The big blue

  • © Laurent Beche / IRT

    © Laurent Beche / IRT

  • © Gabriel Barathieu / IRT

    © Gabriel Barathieu / IRT

  • © Laurent Beche / IRT

    © Laurent Beche / IRT

  • © Louise Canovas / IRT

    © Louise Canovas / IRT

  • © Laurent Beche / IRT

    © Laurent Beche / IRT

The big blue Saint Denis re

Warm water all year round, a protected stretch of water in the lagoon or in Saint-Paul bay: break out the wind-surfers!

Powerful trade winds whip up the ocean: make way for fun-boarders and kite-surfing enthusiasts! Incredible waves along the western and southern coast: a surfer’s paradise! The island has become a by-word in the world of surfing, thanks mainly to the "Saint-Leu leftie": consistent and powerful, this left-breaking wave often reaches 3 metres high, sometimes even 5 metres on certain days. It offers an infinite number of manoeuvres and provides a "tube" almost every time. A demanding wave, it is reserved for good surfers who manage to ride it for many seconds.

Saint-Leu has two other easier spots: La Cafrine and La Tortue. Other interesting spots can be found between Saint-Gilles and Saint-Pierre (Trois-Bassins, Roche-Noire, etc.). Some of these have regularly played host to national or international competitions.Beneath the waves the ocean belongs to the divers, those ramblers of the deep in a carnival-coloured world of coral and strange fish.A little further out to sea, sports fishermen are on the hunt for blue marlin, sailfish, dorado, yellow tuna, wahoo and bonito.Easily affordable, glass-bottom boats provide an effortless view into the under-water world of fish and coral. Dolphins almost systematically invite themselves along for the outing. From June to October, whales which have come up from the Antarctic can be seen frolicking in the sea, sometimes just a stone’s throw away from those other Indian Ocean visitors. The "Whale charter" sets out a number of rules on how to approach them and to maintain a respectful distance.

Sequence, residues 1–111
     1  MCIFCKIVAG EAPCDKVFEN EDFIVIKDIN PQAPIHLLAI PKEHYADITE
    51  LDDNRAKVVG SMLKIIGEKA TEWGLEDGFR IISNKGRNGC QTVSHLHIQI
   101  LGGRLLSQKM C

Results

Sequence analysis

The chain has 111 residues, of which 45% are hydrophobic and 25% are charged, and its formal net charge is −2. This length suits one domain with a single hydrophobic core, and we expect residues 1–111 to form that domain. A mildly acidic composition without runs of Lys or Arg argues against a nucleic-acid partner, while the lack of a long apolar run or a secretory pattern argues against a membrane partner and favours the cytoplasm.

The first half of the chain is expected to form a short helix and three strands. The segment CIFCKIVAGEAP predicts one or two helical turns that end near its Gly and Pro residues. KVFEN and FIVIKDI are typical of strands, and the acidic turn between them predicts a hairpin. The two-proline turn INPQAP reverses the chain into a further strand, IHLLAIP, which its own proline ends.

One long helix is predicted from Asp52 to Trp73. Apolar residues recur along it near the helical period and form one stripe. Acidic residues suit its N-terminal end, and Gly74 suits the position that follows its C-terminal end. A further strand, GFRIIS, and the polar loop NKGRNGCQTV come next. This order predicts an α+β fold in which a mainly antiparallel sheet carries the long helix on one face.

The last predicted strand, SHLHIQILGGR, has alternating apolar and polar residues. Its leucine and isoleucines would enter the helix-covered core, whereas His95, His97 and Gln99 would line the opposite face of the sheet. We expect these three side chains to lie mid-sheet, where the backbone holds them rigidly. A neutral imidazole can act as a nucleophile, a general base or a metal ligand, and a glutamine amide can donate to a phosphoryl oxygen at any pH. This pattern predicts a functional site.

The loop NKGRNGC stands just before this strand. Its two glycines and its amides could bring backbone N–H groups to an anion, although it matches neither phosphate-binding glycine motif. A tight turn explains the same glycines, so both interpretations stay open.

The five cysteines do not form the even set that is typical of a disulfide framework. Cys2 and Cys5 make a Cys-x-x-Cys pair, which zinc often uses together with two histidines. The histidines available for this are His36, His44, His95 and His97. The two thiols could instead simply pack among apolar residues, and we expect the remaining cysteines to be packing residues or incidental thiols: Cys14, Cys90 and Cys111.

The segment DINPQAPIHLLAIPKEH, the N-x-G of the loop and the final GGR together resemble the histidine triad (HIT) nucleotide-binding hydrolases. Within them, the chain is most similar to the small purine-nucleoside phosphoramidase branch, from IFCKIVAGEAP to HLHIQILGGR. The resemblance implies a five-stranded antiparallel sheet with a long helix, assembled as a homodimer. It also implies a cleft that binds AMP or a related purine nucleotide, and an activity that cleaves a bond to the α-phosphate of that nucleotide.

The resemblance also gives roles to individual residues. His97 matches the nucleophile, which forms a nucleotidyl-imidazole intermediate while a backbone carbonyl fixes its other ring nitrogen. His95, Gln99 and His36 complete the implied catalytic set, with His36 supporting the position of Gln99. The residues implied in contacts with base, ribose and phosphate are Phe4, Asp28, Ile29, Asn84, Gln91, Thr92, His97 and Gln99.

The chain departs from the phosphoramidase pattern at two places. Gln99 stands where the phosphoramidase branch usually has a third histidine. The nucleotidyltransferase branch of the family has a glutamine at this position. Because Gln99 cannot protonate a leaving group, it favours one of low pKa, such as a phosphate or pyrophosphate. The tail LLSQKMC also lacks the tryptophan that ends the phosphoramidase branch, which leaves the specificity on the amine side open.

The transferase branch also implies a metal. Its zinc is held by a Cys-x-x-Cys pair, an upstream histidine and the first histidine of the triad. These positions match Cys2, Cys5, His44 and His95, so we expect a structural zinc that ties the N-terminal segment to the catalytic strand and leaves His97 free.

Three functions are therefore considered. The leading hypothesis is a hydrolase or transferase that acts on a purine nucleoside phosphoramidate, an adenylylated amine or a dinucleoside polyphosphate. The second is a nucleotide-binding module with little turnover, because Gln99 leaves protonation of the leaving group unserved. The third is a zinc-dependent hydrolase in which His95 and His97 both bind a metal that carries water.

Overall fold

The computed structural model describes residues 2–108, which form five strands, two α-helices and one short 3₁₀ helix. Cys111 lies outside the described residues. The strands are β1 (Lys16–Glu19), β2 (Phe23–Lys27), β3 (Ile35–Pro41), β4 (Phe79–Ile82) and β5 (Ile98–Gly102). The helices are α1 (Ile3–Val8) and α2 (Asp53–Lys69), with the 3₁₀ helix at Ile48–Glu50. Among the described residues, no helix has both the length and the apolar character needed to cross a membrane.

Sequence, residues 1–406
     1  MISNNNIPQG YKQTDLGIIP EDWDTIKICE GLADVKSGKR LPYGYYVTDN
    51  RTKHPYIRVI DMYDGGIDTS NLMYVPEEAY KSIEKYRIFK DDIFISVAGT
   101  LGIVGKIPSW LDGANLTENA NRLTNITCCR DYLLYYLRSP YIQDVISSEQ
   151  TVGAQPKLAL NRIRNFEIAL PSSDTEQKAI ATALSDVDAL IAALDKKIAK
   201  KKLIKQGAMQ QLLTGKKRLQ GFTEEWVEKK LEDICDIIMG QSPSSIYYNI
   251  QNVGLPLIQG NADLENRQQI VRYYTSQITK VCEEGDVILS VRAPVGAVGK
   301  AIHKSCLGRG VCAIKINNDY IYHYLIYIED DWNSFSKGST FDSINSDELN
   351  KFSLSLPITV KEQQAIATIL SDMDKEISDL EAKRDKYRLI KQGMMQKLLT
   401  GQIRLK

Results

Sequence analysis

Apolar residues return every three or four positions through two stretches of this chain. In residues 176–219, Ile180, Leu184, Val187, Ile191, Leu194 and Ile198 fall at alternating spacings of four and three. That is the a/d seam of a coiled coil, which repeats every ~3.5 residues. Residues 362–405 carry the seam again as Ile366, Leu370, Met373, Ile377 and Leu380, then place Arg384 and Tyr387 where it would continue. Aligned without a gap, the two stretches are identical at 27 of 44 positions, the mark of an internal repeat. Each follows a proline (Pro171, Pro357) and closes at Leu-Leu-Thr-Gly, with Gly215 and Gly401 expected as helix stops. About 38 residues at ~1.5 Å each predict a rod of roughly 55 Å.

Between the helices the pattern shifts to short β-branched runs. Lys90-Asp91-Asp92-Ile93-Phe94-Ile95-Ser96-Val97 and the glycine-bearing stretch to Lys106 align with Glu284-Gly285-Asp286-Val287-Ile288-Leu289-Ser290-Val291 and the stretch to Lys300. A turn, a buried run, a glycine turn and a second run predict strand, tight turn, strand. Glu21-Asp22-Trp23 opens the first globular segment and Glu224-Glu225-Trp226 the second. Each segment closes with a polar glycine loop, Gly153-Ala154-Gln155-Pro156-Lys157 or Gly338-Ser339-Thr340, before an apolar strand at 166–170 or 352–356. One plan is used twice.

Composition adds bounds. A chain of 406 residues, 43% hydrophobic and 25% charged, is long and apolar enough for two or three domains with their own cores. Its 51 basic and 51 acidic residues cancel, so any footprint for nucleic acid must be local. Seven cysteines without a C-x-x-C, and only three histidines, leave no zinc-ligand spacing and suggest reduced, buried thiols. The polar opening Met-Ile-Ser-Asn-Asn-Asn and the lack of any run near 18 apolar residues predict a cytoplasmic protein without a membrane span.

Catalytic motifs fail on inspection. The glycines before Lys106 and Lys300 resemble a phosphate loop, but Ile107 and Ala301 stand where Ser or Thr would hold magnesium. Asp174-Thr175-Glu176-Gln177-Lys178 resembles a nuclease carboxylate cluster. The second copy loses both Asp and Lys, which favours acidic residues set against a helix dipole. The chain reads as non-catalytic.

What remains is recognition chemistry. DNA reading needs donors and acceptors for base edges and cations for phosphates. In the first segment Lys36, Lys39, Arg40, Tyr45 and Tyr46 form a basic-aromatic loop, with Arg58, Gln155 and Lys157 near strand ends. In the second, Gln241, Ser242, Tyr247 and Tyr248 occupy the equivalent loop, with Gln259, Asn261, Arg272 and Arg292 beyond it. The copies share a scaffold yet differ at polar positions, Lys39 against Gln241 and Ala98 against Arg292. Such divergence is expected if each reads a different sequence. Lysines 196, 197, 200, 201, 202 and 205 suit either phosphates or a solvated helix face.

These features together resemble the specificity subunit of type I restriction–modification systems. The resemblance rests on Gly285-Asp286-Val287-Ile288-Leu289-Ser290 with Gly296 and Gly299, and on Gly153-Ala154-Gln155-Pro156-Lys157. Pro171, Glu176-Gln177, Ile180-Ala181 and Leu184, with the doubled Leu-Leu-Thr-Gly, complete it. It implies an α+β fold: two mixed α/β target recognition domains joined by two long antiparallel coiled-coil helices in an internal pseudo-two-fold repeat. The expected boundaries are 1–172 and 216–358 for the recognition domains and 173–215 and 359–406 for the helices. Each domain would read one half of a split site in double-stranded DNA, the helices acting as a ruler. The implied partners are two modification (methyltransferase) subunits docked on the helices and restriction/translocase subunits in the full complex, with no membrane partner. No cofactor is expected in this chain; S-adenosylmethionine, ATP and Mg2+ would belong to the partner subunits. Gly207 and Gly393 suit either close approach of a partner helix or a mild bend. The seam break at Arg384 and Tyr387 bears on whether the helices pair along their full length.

On the beach and in the water...

The realm of play for kids (in Creole, children are called "kids") begins on the beach and in the water, the quality of which is said to be excellent. In the shallow lagoon, a mask and snorkel are all you need in this enormous natural aquarium. Triggerfish, boxfish, trumpet fish, even clownfish provide a festival of colour and underwater magic. Booklets that will help put a name to these peculiar fish are sold in book shops. Guided tours with the St-Gilles Aquarium, the Ermitage underwater trail or the Kelonia turtle research centre in Saint Leu. Those who are very keen can try their hand at diving (must be at least 6 years old).

Reunion Island Aquarium in St-Gilles

Reunion Island’s Aquarium is home to 500 fishes including the kingfish or giant trevally, sharks, sea horses, lobsters, coral and much more, presented in a magical, educational and fun way. Web sites profiling the sea and Reunion Island highlight many articles on the observation and discovery of Reunion Island’s natural resources (sea, volcano, forest, astronomy).

Marine Turtle Observatory

Kélonia, in Saint-Leu, enables visitors to observe the natural habitats of the marine turtle in the form of a guided tour. Visitors must cross a beach in order to reach the site and so discover the various environments occupied by the turtle during its biological cycle and its perfect adaptation to the marine environment.

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